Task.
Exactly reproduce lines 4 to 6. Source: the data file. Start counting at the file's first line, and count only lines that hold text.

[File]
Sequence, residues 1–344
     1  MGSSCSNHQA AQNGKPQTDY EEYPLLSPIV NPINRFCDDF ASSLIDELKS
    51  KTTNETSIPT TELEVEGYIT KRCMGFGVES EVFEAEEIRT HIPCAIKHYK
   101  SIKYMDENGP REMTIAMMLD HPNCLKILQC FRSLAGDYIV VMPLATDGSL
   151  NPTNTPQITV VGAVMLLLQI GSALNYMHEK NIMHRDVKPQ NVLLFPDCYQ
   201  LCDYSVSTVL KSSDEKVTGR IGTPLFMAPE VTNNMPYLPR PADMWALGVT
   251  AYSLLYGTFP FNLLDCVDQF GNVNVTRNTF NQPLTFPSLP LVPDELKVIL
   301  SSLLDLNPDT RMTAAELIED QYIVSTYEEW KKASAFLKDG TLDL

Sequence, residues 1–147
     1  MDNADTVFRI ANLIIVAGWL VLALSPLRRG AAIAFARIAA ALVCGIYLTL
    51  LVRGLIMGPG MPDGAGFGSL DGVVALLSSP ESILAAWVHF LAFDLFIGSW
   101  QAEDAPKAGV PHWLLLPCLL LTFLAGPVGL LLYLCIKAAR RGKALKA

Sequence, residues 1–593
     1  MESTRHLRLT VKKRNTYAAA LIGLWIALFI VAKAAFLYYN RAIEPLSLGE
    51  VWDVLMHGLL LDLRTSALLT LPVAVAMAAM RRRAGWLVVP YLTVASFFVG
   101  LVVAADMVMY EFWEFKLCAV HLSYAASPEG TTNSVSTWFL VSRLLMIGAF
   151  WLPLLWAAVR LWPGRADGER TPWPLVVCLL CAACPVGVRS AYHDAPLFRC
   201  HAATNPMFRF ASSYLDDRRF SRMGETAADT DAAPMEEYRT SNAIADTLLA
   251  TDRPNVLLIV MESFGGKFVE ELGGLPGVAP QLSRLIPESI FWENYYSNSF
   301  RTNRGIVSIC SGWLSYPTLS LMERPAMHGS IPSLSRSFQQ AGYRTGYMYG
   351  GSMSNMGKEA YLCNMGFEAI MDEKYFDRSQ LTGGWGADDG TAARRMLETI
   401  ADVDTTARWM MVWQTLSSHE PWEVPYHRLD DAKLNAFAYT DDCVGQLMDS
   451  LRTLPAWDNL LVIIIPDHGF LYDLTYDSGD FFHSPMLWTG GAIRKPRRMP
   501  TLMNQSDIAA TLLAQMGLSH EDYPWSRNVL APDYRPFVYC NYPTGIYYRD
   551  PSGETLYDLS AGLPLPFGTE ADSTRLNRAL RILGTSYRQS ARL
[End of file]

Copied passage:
   101  SIKYMDENGP REMTIAMMLD HPNCLKILQC FRSLAGDYIV VMPLATDGSL
   151  NPTNTPQITV VGAVMLLLQI GSALNYMHEK NIMHRDVKPQ NVLLFPDCYQ
   201  LCDYSVSTVL KSSDEKVTGR IGTPLFMAPE VTNNMPYLPR PADMWALGVT